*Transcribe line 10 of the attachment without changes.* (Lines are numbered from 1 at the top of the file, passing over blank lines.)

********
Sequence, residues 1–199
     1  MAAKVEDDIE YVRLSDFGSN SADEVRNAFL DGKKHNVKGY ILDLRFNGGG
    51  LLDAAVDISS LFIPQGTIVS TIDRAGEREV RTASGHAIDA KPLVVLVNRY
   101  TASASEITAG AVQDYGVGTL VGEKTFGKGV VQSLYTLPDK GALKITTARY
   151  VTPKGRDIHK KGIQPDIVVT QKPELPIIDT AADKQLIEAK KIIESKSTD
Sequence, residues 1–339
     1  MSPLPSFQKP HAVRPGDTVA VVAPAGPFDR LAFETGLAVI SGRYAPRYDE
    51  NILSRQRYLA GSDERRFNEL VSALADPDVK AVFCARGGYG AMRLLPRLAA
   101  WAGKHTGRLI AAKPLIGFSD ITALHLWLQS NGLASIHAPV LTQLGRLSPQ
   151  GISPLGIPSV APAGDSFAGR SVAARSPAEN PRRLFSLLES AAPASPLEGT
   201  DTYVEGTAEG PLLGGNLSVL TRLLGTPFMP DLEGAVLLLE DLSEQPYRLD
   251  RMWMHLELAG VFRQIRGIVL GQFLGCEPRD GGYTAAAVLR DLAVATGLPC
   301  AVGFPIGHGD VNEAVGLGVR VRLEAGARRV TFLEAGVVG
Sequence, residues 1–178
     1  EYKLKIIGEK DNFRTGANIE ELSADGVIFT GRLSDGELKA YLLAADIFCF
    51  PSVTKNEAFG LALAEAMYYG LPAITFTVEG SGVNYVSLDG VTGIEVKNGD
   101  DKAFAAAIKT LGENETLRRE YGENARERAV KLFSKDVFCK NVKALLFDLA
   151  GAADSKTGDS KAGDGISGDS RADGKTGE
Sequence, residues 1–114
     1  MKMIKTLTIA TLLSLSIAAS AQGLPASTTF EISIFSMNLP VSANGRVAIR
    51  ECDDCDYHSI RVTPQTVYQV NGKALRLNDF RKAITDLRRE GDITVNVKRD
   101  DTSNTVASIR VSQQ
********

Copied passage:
   151  GISPLGIPSV APAGDSFAGR SVAARSPAEN PRRLFSLLES AAPASPLEGT